Last night I went to the opening of the Ocean Beach Fire Pits. Rbca and Yasi’s fire pit was ready and burning. There was another one there as well. :-) This is a huge thing. Public, utilitarian, (mostly privately) funded art made by my friends :-)
Sorry I don’t have photos but here’s some extra info…
Ocean Beach Fire Pits – Burners without Borders
Last year, the National Park Service almost banned fires on Ocean Beach in San Francisco, due to consistent problems with trash and debris. Since then they have received thousands of letter and are considering designs for permanent fire pits to be installed April 14.
But just making the designs isn’t enough–we need your help! Namely, we need to raise money to pay for this art. Although the Park Service could only offer $3,000 for the project, we’ve already been able to raise $27,000 of the $42,000 needed.
BEACH BLAZES MAKE COMEBACK – SFGate
Burning Man artists create 12 fire pits to be installed on Ocean Beach, allowing tradition to resume
There have been fires on Ocean Beach as long as there has been sand on Ocean Beach.
That cherished San Francisco tradition almost died when the National Park Service announced last year that it was banning beach fires because they made too big a mess.
But the fires will return — in 12 elaborate fire pits designed by the people who bring you Burning Man.
“It’s really an amazing project,” said Tom Price of Burners Without Borders, which worked with the Park Service to solve a problem that has vexed the government for years. “It took what was going to be a tragedy — the loss of open-air fires on the beach — and made it into an open-air museum of public art.”
Eight artists are building the pieces with steel, concrete, glass and other materials to ensure that the pits are as durable as they are beautiful. The Park Service will install them between Fulton Street and Lincoln Way on April 14. The Surfrider Foundation, a nonprofit group dedicated to protecting the world’s oceans and beaches, will keep them clean.
The five designs selected by the Golden Gate National Recreation Area resemble seashells, starfish and flowers. Some are shaped like bowls that glow from fires within, creating a kaleidoscope of color. Others look like saucers with fires burning brightly above them.
“It’s amazing that the artists have come up with so many incredible designs,” said Dan Macchiarini, who is fashioning “The Wave” from recycled steel bars, wire mesh and concrete bricks. “There’s not a piece that I don’t like, and that’s rare when you get 8, 9 or 10 artists together.”
“The Wave” is a bit abstract. It is a bowl that undulates like the surf. Iridescent blue and green glass will make it shine like the inside of an abalone shell.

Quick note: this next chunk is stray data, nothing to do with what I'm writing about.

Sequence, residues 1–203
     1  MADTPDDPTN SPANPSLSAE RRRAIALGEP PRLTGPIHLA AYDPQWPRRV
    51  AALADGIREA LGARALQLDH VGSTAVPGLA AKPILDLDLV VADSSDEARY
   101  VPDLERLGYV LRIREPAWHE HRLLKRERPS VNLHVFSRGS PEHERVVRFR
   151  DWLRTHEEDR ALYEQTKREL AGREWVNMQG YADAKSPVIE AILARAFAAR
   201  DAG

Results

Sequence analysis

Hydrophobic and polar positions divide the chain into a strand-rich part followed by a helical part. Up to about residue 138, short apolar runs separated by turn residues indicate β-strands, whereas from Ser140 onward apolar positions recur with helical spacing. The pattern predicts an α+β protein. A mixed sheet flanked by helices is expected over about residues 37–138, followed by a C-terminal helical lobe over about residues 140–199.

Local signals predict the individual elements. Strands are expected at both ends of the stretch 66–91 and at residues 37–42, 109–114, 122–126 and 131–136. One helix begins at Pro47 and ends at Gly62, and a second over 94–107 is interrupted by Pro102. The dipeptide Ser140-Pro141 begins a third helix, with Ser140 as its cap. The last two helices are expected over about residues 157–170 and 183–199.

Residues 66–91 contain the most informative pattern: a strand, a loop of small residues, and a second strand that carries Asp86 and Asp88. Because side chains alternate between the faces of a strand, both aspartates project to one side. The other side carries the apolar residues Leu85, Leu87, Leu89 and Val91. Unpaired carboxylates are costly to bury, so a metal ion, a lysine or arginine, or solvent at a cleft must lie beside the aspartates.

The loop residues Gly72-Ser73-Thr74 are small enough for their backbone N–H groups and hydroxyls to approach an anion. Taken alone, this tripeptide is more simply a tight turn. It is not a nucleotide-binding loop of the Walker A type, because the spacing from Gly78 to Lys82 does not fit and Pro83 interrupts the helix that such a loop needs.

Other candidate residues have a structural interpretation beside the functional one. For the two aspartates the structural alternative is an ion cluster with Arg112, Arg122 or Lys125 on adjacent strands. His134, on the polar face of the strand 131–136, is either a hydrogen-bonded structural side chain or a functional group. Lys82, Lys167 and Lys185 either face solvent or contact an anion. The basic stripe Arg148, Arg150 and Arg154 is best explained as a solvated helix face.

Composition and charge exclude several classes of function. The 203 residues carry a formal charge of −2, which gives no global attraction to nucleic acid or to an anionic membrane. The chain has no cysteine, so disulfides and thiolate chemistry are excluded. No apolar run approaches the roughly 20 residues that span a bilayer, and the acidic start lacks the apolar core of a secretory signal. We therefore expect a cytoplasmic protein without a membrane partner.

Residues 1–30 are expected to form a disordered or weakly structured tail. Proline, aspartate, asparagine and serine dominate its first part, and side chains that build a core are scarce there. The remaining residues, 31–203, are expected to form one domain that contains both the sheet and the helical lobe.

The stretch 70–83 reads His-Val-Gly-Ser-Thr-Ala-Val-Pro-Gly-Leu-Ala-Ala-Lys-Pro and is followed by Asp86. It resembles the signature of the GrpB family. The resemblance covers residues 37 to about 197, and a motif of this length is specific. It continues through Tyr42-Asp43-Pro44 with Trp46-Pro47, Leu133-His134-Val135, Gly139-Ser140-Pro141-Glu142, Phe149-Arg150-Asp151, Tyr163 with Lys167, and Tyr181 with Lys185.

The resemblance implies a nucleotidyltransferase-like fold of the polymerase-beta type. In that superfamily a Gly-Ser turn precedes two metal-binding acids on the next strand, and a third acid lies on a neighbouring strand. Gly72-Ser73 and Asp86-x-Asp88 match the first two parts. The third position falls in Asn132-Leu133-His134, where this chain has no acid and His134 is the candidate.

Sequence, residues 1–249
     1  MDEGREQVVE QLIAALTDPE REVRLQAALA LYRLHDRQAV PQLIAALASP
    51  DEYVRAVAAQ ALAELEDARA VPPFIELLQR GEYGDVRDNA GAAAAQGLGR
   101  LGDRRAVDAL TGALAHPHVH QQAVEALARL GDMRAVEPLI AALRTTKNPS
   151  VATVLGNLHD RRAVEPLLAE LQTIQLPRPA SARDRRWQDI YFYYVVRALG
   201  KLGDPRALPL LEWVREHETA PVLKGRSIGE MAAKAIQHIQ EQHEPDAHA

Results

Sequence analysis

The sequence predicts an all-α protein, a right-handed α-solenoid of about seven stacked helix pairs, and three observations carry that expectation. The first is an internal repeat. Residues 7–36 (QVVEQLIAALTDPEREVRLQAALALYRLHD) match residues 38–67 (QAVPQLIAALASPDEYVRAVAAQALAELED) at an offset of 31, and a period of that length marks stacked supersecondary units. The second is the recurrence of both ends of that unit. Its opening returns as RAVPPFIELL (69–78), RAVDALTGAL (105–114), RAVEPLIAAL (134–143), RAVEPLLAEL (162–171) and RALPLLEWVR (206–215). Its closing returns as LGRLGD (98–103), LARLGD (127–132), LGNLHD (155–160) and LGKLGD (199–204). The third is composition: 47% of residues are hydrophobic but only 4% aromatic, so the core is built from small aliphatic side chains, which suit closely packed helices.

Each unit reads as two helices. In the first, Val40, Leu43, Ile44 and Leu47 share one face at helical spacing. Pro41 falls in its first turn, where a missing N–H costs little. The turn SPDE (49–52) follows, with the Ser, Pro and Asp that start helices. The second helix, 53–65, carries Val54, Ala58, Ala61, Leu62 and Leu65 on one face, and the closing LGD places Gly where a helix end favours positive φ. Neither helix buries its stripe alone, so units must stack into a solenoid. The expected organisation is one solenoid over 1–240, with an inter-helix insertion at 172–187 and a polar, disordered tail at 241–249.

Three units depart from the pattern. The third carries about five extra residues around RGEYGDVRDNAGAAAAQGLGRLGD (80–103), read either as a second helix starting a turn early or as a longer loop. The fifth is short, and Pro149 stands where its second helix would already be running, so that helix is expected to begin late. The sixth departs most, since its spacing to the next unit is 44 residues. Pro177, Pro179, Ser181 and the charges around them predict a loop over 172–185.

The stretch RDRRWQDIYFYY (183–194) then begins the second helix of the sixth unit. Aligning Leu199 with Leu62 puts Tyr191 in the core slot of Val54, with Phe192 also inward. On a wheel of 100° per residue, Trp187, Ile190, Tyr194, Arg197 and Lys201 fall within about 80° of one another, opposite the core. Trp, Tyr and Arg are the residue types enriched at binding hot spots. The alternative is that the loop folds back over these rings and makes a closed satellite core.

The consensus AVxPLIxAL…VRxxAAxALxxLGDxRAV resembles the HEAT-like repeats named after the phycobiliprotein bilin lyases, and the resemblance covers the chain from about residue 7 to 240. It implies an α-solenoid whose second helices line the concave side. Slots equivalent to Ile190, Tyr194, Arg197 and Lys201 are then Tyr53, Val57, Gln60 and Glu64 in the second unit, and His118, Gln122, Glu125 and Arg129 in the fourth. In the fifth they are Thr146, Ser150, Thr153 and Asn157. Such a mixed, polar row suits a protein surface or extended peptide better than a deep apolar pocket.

Macchiarini, a Burning Man devotee since 1998, grew up in San Francisco and has spent a lot of time sitting next to fires on Ocean Beach. The delicate jewelry he creates in his North Beach studio contrasts sharply with massive public art he assembles in his Visitacion Valley garage.
“This is the kind of art I do best,” he said. “It’s art that people actually use. It’s not tucked away in a museum.”
The Park Service has long tried to manage a decades-old tradition that can see as many as 100 fires burning on a warm night.
That creates a big mess, and the Golden Gate National Recreation Area was spending about $90,000 a year picking up charred wood, broken glass and other trash. Volunteers recently cleared more than 100 pounds of nails — left behind after wooden pallets were burned — from a swath of beach 200 feet wide near Stairwell 16.
Park Superintendent Brian O’Neill decided about a year ago that enough was enough and banned beach fires. That didn’t sit well with the public, which sent more than 3,000 letters and e-mails protesting the decision. The Ocean Beach Foundation took up the cause, joining Burners Without Borders and Surfrider in suggesting that local artists design fire pits.
“We didn’t want the Park Service to act unilaterally without hearing the concerns of the community,” said Jake Beinecke, beach cleanup program manager for Surfrider. “Our goal was finding a way to preserve the fires while addressing the concerns of the Park Service.”
The Park Service loved the idea, especially after the Burners agreed to pay for the fire rings — they’ve raised more than $28,000 in donations so far — and Surfrider agreed to keep them clean. Thirty artists submitted proposals of every size and description; the finalists were selected in January.
“It was inspiring to see Ocean Beach viewed, finally viewed, as a public space worthy of that kind of commitment,” said Rudy Evenson, who is coordinating the fire ring project for the Golden Gate National Recreation Area.
Evenson said the fire pits will go a long way toward keeping the beach tidy by limiting the number of fires on the beach to 12 and keeping them in specific locations. And they will lend an artistic flair to a beach many complain has been neglected far too long.
“Our hope is that people will see something beautiful and want to be a part of it and maintain it,” Beinecke said. “It will make the beach cleaner and in turn influence how people view the beach and treat the beach.”